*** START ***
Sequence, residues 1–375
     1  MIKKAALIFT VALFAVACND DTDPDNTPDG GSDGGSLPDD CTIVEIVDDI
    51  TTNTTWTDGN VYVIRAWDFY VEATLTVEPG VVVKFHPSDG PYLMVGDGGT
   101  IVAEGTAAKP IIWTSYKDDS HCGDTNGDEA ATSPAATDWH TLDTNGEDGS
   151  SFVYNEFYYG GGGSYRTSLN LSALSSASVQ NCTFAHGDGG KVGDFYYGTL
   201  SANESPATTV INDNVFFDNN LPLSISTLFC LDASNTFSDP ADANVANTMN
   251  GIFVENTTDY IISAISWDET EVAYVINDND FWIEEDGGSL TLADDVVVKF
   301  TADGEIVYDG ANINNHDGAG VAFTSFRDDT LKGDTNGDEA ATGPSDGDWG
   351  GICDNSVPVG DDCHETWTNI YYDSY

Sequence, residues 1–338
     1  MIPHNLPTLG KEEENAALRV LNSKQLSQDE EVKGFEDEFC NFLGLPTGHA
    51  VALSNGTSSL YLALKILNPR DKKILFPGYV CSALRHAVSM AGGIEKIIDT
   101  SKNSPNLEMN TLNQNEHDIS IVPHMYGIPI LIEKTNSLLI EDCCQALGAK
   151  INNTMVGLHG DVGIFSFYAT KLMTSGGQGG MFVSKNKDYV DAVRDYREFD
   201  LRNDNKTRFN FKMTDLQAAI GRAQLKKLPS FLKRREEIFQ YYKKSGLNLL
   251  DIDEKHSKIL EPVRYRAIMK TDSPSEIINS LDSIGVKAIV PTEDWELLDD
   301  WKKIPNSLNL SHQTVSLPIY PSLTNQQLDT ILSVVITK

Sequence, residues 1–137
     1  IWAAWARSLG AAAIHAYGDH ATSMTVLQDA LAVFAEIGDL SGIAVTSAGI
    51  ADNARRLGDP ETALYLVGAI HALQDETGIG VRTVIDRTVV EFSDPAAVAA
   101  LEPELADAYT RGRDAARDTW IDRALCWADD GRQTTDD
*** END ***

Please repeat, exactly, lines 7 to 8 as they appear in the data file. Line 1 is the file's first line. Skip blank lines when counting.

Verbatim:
   251  GIFVENTTDY IISAISWDET EVAYVINDND FWIEEDGGSL TLADDVVVKF
   301  TADGEIVYDG ANINNHDGAG VAFTSFRDDT LKGDTNGDEA ATGPSDGDWG